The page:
First Job

This tweet from @robleathern that I saw in my feed this afternoon got me thinking about the buildings where my first job was located.

So, I thought I’d try to find out what the building was used for today, and even see if I could get a photo. That actually proved difficult, even though the buildings it was part of are in fact pretty historic having been the place where a number of very significant inventions were created.

I started as a trainee in the year between graduating from secondary school and before starting at university. For that year, I was to be working at Thorn EMI in Hayes, Middlesex. The first six months were in the training department, located in Vulcan House, the remainder of the year we were split into different divisions of the company, but my assignment was to Radar Division, based in the nextdoor building, Mercury House, in Hayes.

This is the best photo I can find online for the entire site:

Thorn EMI, Hayes

If you look in the lower left corner of the highlighted area, the thin building right on the boundary is Mercury House; the larger, square footprint building next to it is Vulcan House.

Right now it looks as though they either have been, or are being, converted into something called the Old Vinyl Factory, but several pictures I found online seem to suggest that both of these two are somewhat derelict now (Thorn EMI moved out of the site in the early 1990s, and we were relocated to a site in Crawley that is still in use today, although under different ownership).

I mentioned that they were somewhat historic. Before WW2, the buildings were on the cutting edge of audio recording technology. Alan Blumlein, the inventor of stereo sound recording, worked in these buildings, and the very first movie with stereo sound was shot from one of them, looking down at the railway lines alongside the site (which were still there while I was there, but no longer with steam trains!). The buildings were also home to a lot of the early development work on television, with Blumlein listed as an inventor on several TV-related patents. Pretty significant stuff, but perhaps the more significant work was still to come.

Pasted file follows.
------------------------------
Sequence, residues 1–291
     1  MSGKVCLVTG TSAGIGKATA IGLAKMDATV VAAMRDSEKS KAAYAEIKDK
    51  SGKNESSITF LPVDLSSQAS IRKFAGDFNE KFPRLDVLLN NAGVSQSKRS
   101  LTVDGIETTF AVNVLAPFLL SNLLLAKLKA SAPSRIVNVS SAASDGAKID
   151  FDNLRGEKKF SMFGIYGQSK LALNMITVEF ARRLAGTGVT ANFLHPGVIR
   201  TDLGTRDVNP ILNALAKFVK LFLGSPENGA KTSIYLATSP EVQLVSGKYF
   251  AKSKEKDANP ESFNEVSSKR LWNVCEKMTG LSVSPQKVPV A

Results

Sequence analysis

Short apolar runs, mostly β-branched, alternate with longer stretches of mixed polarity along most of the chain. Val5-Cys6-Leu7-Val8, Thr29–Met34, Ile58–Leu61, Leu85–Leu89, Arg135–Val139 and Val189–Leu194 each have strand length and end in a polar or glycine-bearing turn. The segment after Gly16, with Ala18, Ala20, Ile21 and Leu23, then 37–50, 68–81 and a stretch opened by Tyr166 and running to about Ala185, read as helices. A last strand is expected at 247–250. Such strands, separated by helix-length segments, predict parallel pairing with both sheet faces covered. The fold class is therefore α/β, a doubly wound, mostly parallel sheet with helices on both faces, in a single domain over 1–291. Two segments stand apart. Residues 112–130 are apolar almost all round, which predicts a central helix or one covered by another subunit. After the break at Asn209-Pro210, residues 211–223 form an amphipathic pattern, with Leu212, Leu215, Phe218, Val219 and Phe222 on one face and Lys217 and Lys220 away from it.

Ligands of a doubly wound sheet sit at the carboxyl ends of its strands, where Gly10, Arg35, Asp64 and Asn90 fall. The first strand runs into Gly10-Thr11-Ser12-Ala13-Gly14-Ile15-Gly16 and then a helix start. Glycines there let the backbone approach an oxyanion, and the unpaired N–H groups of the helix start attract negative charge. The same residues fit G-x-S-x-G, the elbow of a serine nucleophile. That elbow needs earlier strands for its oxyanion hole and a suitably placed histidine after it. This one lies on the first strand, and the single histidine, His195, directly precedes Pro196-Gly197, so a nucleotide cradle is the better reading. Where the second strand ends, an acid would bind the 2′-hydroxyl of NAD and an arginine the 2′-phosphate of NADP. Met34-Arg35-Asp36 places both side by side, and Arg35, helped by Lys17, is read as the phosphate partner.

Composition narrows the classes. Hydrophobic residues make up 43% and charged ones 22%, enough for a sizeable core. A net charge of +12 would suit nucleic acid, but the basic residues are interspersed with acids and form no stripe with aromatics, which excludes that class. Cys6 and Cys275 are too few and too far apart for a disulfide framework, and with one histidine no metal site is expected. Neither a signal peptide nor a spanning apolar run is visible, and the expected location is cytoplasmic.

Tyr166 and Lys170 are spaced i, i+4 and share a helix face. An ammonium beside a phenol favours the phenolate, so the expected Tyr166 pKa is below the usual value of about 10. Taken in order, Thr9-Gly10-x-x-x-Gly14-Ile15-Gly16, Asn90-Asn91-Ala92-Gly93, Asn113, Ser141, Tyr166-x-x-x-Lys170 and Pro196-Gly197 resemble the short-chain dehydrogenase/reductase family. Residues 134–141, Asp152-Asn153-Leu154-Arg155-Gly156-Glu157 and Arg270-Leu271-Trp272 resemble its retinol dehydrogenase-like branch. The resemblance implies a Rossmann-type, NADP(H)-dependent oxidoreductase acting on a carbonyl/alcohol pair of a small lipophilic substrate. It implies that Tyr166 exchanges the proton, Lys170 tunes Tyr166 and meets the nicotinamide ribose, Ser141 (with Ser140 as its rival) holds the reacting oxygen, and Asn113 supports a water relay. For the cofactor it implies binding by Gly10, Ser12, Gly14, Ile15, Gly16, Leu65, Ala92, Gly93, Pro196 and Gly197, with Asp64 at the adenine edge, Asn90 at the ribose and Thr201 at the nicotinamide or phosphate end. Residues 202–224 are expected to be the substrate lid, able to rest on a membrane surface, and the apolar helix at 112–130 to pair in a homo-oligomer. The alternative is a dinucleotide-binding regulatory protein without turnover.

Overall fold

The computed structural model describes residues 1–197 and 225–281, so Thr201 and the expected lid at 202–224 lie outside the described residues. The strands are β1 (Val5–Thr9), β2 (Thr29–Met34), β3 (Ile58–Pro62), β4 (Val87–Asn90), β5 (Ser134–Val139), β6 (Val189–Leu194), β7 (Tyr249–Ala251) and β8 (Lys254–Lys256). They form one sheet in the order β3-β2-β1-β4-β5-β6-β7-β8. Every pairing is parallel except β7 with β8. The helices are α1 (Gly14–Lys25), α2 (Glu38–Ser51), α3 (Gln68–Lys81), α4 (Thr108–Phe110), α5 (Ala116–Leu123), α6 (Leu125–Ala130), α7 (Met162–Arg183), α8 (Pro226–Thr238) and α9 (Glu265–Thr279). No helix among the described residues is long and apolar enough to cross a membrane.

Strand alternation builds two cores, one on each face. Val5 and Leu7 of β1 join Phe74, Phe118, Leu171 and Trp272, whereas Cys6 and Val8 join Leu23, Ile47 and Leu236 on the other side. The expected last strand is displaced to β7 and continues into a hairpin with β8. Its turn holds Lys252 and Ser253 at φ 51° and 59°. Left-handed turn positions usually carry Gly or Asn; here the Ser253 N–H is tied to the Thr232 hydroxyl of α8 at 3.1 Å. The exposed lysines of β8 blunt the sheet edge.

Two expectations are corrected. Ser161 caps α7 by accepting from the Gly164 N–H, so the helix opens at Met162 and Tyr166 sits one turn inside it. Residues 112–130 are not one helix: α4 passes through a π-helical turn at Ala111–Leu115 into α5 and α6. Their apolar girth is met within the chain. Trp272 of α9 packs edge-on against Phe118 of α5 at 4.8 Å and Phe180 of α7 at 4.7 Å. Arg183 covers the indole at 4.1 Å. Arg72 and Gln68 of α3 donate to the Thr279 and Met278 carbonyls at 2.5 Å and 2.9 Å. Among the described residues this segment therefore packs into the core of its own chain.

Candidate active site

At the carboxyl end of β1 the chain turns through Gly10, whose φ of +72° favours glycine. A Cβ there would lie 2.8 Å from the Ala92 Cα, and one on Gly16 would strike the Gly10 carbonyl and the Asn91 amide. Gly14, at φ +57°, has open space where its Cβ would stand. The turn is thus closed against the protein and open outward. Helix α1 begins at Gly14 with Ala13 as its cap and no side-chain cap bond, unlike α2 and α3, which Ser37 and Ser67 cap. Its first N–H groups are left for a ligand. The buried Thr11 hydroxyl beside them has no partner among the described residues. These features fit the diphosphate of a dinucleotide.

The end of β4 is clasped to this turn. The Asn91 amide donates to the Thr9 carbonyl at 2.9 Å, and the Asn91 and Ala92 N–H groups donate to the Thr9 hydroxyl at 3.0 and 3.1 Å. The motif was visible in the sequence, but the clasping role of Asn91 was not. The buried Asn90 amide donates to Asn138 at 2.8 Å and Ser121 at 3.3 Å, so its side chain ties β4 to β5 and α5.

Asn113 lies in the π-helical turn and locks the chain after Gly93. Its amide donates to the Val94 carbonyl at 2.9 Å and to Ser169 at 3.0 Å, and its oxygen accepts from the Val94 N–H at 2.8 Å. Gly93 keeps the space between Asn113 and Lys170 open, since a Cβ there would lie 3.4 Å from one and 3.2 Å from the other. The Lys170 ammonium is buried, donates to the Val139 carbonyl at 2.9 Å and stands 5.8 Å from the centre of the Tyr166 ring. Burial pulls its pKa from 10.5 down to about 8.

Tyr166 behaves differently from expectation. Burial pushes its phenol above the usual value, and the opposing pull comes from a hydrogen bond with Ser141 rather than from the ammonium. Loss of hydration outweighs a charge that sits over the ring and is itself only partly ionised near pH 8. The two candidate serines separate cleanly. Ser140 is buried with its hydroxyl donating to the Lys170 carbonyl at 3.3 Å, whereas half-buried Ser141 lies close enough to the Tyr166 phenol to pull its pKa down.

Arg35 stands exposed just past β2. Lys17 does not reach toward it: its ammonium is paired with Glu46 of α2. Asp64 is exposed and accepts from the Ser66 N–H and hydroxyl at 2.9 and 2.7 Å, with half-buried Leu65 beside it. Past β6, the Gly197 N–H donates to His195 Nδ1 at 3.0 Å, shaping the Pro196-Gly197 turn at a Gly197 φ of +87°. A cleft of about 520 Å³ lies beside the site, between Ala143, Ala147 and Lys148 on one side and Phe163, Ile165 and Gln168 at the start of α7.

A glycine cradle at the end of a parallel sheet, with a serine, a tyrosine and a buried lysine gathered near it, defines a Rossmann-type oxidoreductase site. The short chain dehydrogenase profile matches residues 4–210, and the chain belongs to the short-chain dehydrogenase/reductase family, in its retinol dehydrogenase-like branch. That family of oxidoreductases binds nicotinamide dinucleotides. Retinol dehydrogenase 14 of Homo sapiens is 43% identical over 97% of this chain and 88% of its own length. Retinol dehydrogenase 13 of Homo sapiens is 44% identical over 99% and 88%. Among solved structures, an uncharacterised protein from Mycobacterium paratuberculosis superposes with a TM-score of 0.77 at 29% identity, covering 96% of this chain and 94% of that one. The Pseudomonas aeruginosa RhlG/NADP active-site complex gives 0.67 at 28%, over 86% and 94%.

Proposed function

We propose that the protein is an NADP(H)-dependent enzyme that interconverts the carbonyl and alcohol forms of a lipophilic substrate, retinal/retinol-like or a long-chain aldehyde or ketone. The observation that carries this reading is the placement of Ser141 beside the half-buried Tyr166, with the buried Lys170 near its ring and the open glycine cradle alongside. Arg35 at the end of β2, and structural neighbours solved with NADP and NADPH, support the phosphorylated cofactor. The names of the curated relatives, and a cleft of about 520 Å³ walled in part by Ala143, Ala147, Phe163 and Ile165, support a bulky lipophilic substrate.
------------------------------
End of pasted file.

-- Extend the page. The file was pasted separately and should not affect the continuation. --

As Europe was embroiled in war, the same people shifted their focus to other technology, including the development of radar, which was so critical in the defence of the UK. Blumlein was a key developer in the top secret airborne H2S Radar system project. Sadly, he was killed in a plane crash while testing the radar in 1942; just imagine what we could have achieved otherwise. At the time, some thought the H2S project would fail without him, but it survived (and in fact was still in active use as recently as 1993). Additionally, some of his early radar-related inventions are still in use in modern radar systems.

5 thoughts on “First Job

  1. I found your page while reminiscing about my own apprenticeship in Vulcan House. it’s nice to see it written about. I think the group I was with, in 1990, were the last lot to go through the training school, and the move to Crawley happened in 1991. Even the buildings in Crawley have been demolished now! Thanks for the trip down memory lane.

  2. I stumbled across your post today (17th June 2019). I started my career at Thorn EMI Electronics in Hayes. It was 1987 and I was interviewed by John Packer in the training department. I turned up and the building was on fire, so my interview started on the pavement of Blyth Road. We then got the all clear so we moved inside to continue. I flitted between Feltham (the design location) and Hayes (production) while attending Brunel University in Uxbridge. I first saw my wife in the canteen in Hayes but never spoke to her. Our paths crossed 17 years later and we ended up getting married.